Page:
This volume contains papers presented at the Poznań Reasoning Week multi-conference held in Poznań in September 11-15, 2018. PRW aims at bringing together experts whose research offers a broad range of perspectives on systematic analyses of reasoning processes and their formal modelling. The 2018 edition consisted of three conferences, which addressed the following topics: (i) games in reasoning research, (ii) the interplay of logic and cognition, and (iii) refutation systems. The papers collected in this volume address all these topics.
Książka zawiera wybrane teksty najważniejszych myślicieli zaliczanych do dwóch najbardziej znaczących kierunków neokantowskich, a mianowicie do szkoły badeńskiej i szkoły marburskiej. Szkoły te wyłoniły się w konsekwencji podziałów, jakie dokonywały się w ramach neokantyzmu, niezwykle złożonego kierunku filozoficznego drugiej połowy XIX wieku i początków wieku XX. Mówienie o neokantyzmie jest złożone, gdyż nie można podać ani daty jego powstania, ani też daty zakończenia, co przysparza wielu kłopotów z jego historycznym określeniem. Pomijając wszelkie trudności klasyfikacyjne, antologia ogranicza się do zaprezentowania poglądów (...) dwóch najważniejszych szkół. Poglądy szkoły badeńskiej ukazują teksty Wilhelma Windelbanda i Heinricha Rickerta, Emila Laska i Brunona Baucha. Natomiast poglądy szkoły marburskiej prezentują teksty Hermanna Cohena i Paula Natorpa oraz ich najwybitniejszych uczniów, tzn. Ernsta Cassirera i Nicolaia Hartmanna. Autorzy żywią przekonanie, że zamieszczone teksty są najbardziej reprezentatywne dla neokantyzmu prezentowanych szkół. (shrink)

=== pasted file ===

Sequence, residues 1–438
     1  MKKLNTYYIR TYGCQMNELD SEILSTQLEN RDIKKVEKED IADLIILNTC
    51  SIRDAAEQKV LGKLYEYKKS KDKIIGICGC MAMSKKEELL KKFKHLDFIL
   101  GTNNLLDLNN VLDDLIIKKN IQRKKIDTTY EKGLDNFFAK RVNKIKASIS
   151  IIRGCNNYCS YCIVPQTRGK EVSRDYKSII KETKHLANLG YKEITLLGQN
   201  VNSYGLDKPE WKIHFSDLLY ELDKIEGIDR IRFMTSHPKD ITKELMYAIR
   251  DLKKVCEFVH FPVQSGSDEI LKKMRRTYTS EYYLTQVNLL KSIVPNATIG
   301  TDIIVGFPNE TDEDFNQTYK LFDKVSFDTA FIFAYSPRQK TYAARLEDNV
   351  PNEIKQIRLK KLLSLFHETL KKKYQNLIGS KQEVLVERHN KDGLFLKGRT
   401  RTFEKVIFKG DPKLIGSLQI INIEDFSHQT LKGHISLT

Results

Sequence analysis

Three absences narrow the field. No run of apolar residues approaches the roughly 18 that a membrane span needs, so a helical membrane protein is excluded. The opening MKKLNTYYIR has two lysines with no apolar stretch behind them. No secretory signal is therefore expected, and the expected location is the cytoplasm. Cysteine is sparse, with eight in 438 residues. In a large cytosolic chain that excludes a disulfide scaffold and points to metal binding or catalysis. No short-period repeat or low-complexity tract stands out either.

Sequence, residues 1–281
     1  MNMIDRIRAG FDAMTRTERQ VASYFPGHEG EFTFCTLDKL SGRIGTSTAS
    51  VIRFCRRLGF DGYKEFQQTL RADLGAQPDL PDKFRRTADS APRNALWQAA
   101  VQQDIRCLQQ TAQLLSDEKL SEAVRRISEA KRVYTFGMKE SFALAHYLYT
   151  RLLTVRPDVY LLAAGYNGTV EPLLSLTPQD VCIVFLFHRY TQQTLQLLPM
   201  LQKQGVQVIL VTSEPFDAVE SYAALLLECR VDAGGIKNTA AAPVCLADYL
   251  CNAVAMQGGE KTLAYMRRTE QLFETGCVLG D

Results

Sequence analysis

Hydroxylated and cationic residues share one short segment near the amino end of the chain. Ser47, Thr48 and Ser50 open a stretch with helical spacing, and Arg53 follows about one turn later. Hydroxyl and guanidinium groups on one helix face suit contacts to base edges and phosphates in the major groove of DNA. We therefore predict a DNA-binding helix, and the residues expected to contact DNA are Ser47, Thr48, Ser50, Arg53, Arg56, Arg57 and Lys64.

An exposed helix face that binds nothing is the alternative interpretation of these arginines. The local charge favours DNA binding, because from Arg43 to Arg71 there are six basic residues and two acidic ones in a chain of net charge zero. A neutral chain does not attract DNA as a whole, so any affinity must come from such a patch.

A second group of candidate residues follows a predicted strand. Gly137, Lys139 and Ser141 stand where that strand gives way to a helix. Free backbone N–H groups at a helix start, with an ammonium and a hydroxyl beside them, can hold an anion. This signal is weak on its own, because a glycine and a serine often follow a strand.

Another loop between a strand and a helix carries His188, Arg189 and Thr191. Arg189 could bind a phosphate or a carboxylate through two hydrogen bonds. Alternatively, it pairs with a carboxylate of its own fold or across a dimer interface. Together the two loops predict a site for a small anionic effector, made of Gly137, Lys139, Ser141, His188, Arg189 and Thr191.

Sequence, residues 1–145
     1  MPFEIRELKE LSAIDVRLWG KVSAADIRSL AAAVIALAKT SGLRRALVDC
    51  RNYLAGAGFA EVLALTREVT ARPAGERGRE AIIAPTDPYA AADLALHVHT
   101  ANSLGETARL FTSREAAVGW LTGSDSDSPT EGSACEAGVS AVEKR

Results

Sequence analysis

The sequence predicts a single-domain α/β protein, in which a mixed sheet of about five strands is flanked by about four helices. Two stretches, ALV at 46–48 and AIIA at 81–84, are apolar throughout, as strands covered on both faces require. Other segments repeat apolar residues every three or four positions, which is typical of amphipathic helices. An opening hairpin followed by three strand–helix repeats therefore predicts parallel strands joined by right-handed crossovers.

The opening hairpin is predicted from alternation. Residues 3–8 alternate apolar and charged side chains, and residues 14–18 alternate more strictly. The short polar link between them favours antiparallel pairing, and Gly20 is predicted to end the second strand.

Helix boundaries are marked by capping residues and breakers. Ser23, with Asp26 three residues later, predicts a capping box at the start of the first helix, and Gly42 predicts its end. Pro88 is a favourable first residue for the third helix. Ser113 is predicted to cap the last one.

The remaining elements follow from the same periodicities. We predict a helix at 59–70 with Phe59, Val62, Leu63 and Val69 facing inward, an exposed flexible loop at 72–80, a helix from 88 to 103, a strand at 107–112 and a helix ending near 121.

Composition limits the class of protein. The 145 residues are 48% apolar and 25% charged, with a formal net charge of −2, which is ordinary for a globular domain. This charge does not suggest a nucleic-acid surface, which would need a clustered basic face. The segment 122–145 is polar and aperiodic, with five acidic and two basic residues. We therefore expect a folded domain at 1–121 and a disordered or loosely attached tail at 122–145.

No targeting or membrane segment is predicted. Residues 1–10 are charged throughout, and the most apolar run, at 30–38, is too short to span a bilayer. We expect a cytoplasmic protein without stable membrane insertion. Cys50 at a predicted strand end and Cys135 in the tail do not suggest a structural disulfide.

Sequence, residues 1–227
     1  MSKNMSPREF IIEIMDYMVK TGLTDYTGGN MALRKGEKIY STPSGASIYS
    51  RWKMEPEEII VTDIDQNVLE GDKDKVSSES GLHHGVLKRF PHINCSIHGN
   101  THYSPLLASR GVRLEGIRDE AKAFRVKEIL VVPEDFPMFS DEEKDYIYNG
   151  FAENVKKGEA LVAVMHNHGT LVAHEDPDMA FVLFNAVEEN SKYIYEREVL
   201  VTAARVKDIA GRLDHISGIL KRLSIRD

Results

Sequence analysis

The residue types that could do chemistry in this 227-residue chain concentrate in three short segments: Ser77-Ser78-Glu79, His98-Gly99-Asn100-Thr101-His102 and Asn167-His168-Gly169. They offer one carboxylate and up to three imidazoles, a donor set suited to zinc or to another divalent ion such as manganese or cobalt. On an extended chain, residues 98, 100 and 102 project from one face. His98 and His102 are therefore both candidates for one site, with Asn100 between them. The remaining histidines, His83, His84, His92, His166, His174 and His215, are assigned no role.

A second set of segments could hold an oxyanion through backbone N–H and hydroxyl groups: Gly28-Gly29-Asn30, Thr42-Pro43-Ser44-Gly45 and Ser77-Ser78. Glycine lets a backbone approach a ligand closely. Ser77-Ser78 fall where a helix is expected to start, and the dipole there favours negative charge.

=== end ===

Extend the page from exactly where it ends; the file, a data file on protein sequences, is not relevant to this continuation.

Contents: PART I. PHILOSOPHICAL EXPLANATIONS OF CREATIVITY AND CONSCIOUSNESS. Krystyna ZAMIARA: The psychological approach to creativity. A critical appraisal. Rick L. FRANKLIN: Creativity and depth in understanding. Zdzis??l??awa PIATEK: Creativity of life and F.W. Nietzsche's idea of Superman. Jaromír JANOUSEK: Dialogue and joint activity: A psychological approach. Krystyna ZAMIARA: Some remarks on Piaget's notion of "consciousness" and its importance for the studies of culture. Anna GA??L??DOWA, and Aleksander NELICKI: Attitudes towards values as a factor determining creativity. PART II. THE ROLE (...) OF CREATIVITY IN THE THEORY-BUILDING. Leszek NOWAK: On creativity in theory-building. Izabella NOWAK: Discovery and correspondence. A contribution to the idealizational approach to science. Jerzy BRZEZI??N??SKI: Research process in psychology in the context of the researcher's methodological consciousness. Andrzej FALKOWSKI: Cognitive similarity in scientific discovery: An ecological approach. PART III: CONSCIOUSNESS IN HISTORICAL PERSPECTIVE. Kathleen V. WILKES: Inside insight. Franco DI MARIA, and Gioacchino LAVANCO: History and epistemology of the unconscious. Franco DI MARIA, and Gioacchino LAVANCO: Conscious/unconscious and group-analysis. Banjamin WALLACE, Andrzej KOKOSZKA, and Deanna D. TUROSKY: Historical and contemporary thoughts on consciousness and its altered states. PART IV. BETWEEN EXPRESSION AND PROJECTION. Micha??l?? STASIAKIEWICZ: Creativity and projection: Paradigm opposition and implicit correspondence. Anna BRZEZI??N??SKA: Creative expression versus projection. PART V. THE ROLE OF PSYCHOPHYSIOLOGICAL COMPONENTS IN EXPLANATION OF PHENOMENA OF CONSCIOUSNESS AND CREATIVITY. Mario BUNGE: Explaining creativity. Piotr WOLSKI: Hemispheric asymmetry and consciousness. Is there any relationship? Andrzej KOKOSZKA: A rationale for psychology of consciousness. PSYCHOLOGICAL EXPLANATIONS OF CREATIVITY AND CONSCIOUSNESS. Santo DI NUOVO: Consciousness and attention. Tomasz MARUSZEWSKI: Two looks on consciousness. Is there any interface between philosophy of science and psychology? Marek KOWALCZYK: On the question of the functions of consciousness. Dean Keith SIMONTON: From childhood giftedness to creative genius. Magdalena FAFROWICZ, Tadeusz MAREK, and Czes??l??aw NOWOROL: Effectiveness of innovation as a function of creative style of behavior and type of leadership. Mark A. RUNCO, and Joni RADIO GAYNOR: Creativity and optimal development. (shrink)